Based on the whistleblower’s extensive presentation, including internal emails, text exchanges and suppressed draft reports, we are unanimous in expressing our alarm over unacceptable practices in the investigation of the alleged chemical attack in Douma, near the Syrian capital of Damascus on 7 April 2018.  We became convinced by the testimony that key information about chemical analyses, toxicology consultations, ballistics studies, and witness testimonies was suppressed, ostensibly to favor a preordained conclusion.

We have learned of disquieting efforts to exclude some inspectors from the investigation whilst thwarting their attempts to raise legitimate concerns, highlight irregular practices or even to express their differing observations and assessments —a right explicitly conferred on inspectors in the Chemical Weapons Convention, evidently with the intention of ensuring the independence and authoritativeness of inspection reports.

However belatedly, we therefore call on the OPCW to permit all inspectors who took part in the Douma investigation to come forward and report their differing observations in an appropriate forum of the States Parties to the Chemical Weapons Convention, in fulfillment of the spirit of the Convention. They should be allowed to do this without fear of reprisal or even censure.

The panel advances these criticisms with the expectation that the OPCW will revisit its investigation of the Douma incident, with the purpose of clarifying what actually happened. This would help to restore the credibility of the OPCW and work towards demonstrating its legally mandated commitment to transparency, impartiality and independence. It is of utmost importance to restore trust in the verification procedures relied upon to implement the prohibitions of the CWC.

Panel members:

José Bustani, Ambassador of Brazil, first Director General of the OPCW and former Ambassador to the United Kingdom and France,

Richard Falk, Professor of International Law, Emeritus, Princeton University; Visiting Professor, Istinye University, Istanbul

Kristinn Hrafnsson, editor-in-chief, Wikileaks

John Holmes, Maj Gen (retd), DSO OBE MC

Dr. Helmut Lohrer, MD, Board member of International Physicians for the Prevention of Nuclear War (IPPNW) and International Councilor of its German Affiliate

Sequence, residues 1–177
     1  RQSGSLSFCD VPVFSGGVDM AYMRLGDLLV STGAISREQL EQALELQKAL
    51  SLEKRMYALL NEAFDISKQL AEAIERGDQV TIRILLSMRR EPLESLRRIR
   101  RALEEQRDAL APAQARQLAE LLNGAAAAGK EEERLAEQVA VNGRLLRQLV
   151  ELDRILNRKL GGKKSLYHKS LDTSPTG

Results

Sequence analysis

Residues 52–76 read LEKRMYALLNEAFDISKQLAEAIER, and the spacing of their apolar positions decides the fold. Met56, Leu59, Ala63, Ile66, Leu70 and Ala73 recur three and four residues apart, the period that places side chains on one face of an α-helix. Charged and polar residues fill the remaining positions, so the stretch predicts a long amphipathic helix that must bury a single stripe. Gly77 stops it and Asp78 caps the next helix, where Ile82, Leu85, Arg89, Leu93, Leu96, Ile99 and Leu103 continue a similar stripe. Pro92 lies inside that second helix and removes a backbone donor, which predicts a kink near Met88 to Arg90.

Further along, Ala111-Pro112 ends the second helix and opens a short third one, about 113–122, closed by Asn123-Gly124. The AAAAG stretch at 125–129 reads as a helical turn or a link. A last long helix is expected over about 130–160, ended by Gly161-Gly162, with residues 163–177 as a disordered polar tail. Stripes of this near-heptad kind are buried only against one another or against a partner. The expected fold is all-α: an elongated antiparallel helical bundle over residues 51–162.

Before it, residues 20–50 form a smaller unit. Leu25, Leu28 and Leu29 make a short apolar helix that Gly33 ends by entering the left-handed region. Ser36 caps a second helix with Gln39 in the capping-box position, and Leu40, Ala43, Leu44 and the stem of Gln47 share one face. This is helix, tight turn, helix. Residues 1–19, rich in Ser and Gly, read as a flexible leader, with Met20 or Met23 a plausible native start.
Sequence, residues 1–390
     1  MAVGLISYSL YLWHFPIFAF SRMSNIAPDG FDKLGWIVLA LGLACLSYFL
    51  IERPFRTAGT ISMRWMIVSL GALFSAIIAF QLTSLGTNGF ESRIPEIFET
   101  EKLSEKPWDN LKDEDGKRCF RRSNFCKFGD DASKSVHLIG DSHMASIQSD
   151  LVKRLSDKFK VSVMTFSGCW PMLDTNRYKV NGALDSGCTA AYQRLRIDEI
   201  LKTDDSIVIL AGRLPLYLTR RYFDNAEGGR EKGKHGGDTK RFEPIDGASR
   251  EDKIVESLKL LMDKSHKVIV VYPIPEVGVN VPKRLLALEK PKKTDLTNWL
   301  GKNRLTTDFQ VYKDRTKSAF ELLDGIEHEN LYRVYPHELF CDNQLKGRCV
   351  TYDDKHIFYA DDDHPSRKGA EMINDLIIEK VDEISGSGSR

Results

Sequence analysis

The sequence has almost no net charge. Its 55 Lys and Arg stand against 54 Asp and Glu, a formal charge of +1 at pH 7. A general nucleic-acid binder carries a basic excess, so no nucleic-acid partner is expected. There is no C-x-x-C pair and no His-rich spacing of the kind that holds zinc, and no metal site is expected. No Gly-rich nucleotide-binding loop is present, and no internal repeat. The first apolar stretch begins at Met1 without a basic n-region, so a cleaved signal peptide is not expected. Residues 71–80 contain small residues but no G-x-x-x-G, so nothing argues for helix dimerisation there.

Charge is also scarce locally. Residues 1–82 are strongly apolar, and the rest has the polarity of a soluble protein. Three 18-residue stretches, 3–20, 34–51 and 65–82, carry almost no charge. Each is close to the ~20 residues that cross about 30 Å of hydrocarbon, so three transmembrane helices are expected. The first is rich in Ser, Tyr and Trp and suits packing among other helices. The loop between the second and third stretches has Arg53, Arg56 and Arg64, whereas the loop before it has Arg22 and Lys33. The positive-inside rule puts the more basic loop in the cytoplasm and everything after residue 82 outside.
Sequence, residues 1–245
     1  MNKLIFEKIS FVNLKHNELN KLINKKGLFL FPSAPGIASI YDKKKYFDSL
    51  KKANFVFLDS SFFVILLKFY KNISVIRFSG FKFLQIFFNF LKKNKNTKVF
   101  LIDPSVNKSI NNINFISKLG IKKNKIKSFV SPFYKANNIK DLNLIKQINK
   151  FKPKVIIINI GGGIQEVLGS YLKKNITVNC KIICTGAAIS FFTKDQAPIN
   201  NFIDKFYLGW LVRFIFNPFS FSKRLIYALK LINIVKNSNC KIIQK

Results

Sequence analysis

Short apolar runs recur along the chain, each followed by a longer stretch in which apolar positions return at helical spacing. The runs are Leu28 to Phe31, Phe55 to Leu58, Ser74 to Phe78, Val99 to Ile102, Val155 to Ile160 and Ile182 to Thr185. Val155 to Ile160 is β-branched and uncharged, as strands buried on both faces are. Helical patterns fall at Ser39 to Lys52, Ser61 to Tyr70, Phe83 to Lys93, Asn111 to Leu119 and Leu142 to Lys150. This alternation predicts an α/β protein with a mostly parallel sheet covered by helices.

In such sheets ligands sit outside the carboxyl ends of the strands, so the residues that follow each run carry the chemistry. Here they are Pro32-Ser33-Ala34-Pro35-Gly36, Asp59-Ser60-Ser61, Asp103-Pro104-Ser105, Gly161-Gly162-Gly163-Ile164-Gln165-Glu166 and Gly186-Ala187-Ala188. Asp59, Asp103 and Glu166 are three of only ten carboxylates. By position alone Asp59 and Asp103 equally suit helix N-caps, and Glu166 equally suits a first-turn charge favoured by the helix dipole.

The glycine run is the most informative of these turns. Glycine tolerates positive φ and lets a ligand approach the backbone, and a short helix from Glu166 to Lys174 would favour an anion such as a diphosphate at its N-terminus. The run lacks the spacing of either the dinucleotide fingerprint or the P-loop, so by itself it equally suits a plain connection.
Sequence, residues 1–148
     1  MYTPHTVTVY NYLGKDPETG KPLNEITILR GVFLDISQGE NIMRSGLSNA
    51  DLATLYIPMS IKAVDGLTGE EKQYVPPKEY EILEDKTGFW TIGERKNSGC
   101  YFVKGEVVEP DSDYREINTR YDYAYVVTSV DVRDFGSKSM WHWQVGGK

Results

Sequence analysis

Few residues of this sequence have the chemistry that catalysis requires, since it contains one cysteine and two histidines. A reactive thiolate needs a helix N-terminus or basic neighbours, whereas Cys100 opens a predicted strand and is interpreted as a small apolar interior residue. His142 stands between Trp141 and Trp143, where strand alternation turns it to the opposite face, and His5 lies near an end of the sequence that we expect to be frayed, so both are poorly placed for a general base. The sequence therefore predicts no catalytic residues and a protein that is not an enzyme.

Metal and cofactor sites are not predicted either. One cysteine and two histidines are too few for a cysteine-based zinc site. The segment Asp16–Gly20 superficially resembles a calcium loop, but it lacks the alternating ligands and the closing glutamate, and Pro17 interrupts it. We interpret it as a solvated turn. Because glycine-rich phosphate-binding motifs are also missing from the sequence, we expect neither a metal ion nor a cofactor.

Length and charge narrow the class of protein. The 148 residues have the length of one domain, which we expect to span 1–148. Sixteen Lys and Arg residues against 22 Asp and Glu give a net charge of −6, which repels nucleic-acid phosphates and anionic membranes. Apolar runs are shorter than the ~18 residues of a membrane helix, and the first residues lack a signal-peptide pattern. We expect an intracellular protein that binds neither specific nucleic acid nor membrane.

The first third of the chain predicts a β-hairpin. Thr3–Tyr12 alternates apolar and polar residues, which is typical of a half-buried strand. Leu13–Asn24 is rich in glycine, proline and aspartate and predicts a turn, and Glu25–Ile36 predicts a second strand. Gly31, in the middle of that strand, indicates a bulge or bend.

Prof. Dr. Guenter Meyer, Centre for Research on the Arab World (CERAW) at the University of Mainz

Elizabeth Murray, former Deputy National Intelligence Officer for the Near East, National Intelligence (retd); member, Veteran Intelligence Professionals for Sanity and Sam Adams Associates for Integrity in Intelligence (


14 Responses to “Casting Doubt: Trusting Whistleblowers More Than International Institutions–Syrian CW Attack on Douma”

  1. Gene Schulman October 27, 2019 at 6:30 am #

    The Empire follows its own ways. Int’l laws and rules are for everybody else.

  2. Beau Oolayforos October 27, 2019 at 12:33 pm #

    Dear Professor Falk,

    Thanks again…this is something of a relief. Despite Assad’s undeniable cruelty, it’s constructive to know that not ALL of the evil belongs to “THEM”, and not all the virtue, truthfulness, compassion, etc. belong to “US”. Maybe a little wiggle room for peace talks? Al-Baghdadi might be dead, but I fear the bodies are still stinking in Raqqa – perish the thought that WE had anything to do with THAT.

    Clearly, not all whistleblowers are created equal. Assange and Manning, for example, aren’t eligible for the same protections, the same sacrosanct status, as the ‘intelligence-community’ variety we hear about in connection with impeachment.

    • brigidz October 27, 2019 at 9:23 pm #

      Could you be specific with your claim of Assad’s undeniable cruelty?

      • Beau Oolayforos October 28, 2019 at 11:36 am #

        is it not a matter of abundant record? CW might be controversial, but barrel-bombs in civilian neighborhoods aren’t. Check w/our friends @ HRW, Amnesty, etc.

    • summitflyer November 3, 2019 at 6:24 am #

      Could you be more specific on who HRW are or is that you refer to , where they are located and who runs the organization ? who supplies their information or who is their source ? it would help in staying focused on the issue of the OPCW possible obfuscation of the facts on the ground in the Duma supposed chemical non event .

  3. Brian S November 2, 2019 at 9:38 am #

    Richard you say “The credibility of this statement issued by the panel is strengthened, in my view, by having among its participants a former Director General of the OPCW. ” But it is my understanding that Bustani did not attend the panel meeting. Can you comment?

    • Richard Falk November 2, 2019 at 12:15 pm #

      Yes, I misspoke, and will amend my text. It was a confusion caused because of
      a confusing introduction of the panel members to one another. I am sorry about
      my carelessness in not checking further. The panel was conducted very scrupulously.

      Greetings Richard

    • Richard Falk November 2, 2019 at 12:23 pm #

      I will try to clarify the nature of Bustani’s participation, and whether
      it is reasonable to invoke his support for the work and findings of the Panel.

    • Richard Falk November 2, 2019 at 11:13 pm #

      Brian: Having clarified the situation: it is correct that Bustani was not
      physically present in Brussels, but he received the same briefing from the
      whistleblower that we did, in Brazil, and participated in the drafting process
      that produced the statement signed by the panel. In these respects, he was a
      participant. I hope this serves as clarification along with my apologies for not
      being clear at the outset.